On its way from Los Angeles to New York, on its third stop, to be exact, I had the chance to attend the One Day University in Palo Alto, California. It was billed as “All the best of college ---and no homework! Since I had not been to a university for some time, this sounded very interesting and so, combined with the possibility of finding out “Who Are You, Egyptian President Mohamed Morsi?” I decided to attend. Living in Palo Alto temporarily, it was not difficult to find my way to the Taube Koret Campus, 3921 Fabian Way, Palo Alto, CA 94303 for two presentations the evening of Tuesday, January 29, 2013. (As a part of a seven city tour of the U.S., Tel Aviv University’s “One Day University” comes to Chicago/NYC on Feb. 4/Feb. 7. For more information, visit onedayu.org. )
Entering the all-purpose room that was set up for the lectures, people were mingling and enthusiastically conversing on many topics. Before the two presentations by Tel Aviv University professors, there was a video demonstrating the virtues of the university and touting its achievements and contributions to the world, a convincing argument making contributions to the university.
Dr. Yechiel Elkabetz spoke about stem cell research in his talk entitled, “Why is Stem Cell Research Taking So Long to Change Everything? “ His talk began with the nature of embryonic stem cells, what is generally known about how they behave and his groundbreaking research that studies human embryonic stem cells at the very moment they begin to differentiate and turn into nerve cells — an exciting scientific first.
Recruited by distinguished institutions around the world, Dr. Elkabetz chose to establish his state-of-the-art Laboratory for Pluripotent and Neural Stem Cell Biology at Tel Aviv University, his triple alma mater. While doing post-doctoral work at New York's Sloan-Kettering Institute for Cancer Research, he realized he "wanted to do more than watch what happens inside an individual cell. I wanted to zoom out to the big picture and examine the process by which cells become the type of cells they are. This was quite technical but the slides were great. Many audience members questioned him after the talk.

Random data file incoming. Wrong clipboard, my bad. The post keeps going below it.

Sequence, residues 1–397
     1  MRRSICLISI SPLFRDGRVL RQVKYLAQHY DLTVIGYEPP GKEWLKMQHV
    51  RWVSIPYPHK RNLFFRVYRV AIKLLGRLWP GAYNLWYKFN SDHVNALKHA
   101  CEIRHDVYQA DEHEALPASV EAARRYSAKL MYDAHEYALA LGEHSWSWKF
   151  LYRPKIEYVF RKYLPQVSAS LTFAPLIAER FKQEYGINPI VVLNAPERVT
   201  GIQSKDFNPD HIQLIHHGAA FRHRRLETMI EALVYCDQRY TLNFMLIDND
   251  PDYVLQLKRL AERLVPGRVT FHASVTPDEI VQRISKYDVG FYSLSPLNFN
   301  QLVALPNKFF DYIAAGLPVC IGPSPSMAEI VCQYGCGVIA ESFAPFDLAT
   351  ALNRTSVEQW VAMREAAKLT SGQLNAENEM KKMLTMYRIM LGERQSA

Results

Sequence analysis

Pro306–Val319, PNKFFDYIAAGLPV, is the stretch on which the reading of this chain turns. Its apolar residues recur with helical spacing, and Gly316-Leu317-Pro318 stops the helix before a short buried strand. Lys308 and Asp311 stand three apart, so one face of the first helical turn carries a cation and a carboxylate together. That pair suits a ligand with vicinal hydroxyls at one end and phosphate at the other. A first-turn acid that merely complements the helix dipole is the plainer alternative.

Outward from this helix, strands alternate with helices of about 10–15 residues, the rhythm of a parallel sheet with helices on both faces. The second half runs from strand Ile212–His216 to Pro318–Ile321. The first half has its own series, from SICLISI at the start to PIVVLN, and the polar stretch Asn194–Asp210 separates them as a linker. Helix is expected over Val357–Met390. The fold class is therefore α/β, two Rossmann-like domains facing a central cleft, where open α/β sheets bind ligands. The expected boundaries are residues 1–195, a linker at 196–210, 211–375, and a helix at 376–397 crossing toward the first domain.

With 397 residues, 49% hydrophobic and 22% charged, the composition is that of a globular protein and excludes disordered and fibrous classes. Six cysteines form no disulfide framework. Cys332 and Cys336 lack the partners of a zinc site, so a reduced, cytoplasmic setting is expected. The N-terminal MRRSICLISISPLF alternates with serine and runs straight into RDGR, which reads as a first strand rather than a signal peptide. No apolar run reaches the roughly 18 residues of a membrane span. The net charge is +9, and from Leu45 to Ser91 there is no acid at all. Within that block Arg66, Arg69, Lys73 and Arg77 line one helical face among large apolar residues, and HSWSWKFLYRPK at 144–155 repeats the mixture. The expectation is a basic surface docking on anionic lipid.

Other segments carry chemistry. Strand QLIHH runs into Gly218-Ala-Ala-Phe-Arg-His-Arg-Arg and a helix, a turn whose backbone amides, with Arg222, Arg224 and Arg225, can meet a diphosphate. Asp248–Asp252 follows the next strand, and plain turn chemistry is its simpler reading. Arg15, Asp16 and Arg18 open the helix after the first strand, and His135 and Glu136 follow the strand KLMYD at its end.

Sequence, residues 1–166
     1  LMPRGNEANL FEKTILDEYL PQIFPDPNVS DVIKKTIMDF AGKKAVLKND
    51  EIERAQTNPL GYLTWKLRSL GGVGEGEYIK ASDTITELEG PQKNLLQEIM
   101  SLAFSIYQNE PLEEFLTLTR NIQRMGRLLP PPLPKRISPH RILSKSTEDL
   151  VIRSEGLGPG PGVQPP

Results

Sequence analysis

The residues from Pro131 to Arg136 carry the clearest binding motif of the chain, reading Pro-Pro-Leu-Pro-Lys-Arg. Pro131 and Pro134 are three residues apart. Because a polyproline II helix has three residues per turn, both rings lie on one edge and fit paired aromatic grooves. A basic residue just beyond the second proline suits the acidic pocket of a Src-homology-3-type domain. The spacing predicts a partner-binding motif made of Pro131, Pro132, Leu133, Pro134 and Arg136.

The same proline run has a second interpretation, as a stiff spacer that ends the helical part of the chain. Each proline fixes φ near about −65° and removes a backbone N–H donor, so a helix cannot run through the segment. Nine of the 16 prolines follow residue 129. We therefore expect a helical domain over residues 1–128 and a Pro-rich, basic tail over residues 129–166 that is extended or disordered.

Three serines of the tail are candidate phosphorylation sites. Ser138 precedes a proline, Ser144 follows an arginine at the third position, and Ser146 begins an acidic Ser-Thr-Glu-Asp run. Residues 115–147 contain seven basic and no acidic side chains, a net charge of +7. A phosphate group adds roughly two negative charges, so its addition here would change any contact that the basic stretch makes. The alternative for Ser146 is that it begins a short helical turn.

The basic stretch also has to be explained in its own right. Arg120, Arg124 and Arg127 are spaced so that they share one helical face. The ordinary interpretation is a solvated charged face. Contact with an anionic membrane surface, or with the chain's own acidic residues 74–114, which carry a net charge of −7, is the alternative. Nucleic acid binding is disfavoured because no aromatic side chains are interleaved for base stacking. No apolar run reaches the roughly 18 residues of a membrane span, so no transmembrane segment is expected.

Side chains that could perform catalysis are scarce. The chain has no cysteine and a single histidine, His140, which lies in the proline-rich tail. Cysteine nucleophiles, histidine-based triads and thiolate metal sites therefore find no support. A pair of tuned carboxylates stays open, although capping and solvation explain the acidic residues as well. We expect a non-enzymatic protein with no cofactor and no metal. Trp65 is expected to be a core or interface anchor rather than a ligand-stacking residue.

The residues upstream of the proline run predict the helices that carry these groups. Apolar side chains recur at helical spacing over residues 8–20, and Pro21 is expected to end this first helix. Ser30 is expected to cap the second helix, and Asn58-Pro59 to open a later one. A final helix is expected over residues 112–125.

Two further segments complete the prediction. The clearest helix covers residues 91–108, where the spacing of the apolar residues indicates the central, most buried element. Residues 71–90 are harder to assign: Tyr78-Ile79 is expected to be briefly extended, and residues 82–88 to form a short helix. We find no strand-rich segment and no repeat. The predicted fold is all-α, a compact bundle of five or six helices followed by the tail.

I was intrigued by the fresh and new to me perspective from the point of view of Egypt’s vulnerable neighbor presented byDr. Mira Tzoref offered her presentation, “Who Are You, Egyptian President Mohamed Morsi?”, I listened, transfixed. This was an explanation that was very different from anything I hear on the radio or on TV. She spoke about the fact that Morse was virtually unknown abroad before winning Egypt's presidency in June 2012, Time magazine just named Dr. Mohamed Morsi the most important politician in the Middle East. She offered insights about the Muslim Brotherhood as well.
Dr. Mira Tzoref is a research fellow at TAU's Moshe Dayan Center for Middle Eastern and African Studies, Dr. Tzoreff specializes in the socio-cultural history of modern Egypt, politics (especially the religion-state relationship), women and gender relations in Muslim and Arab societies, and youth in the Middle East. A frequent speaker in the region, her research has been featured in numerous books and journals, including The Decline of the West, the Rise of Islam? Studies on Civilizational Discourse (2010). Her upcoming book, Youth in the Middle East — A Rebellious or a Conservative Generation? is currently being edited for publication. Dr. Tzoreff holds a B.A., M.A. cum laude, and Ph.D. from Tel Aviv University.
The presentations continue: Los Angeles, CA — January 27, 2013,Las Vegas, NV — January 28, 2013,Palo Alto, CA — January 29, 2013,North Miami Beach, FL — January 30, 2013, Coral Gables, FL — January 31, 2013, Chicago, IL — February 4, 2013 and New York, NY — February 7, 2013.
For more information on Tel Aviv University, go to:www.aftau.org
Photos: Courtesy of One Day University and B. Keer
Published on Feb 02, 2013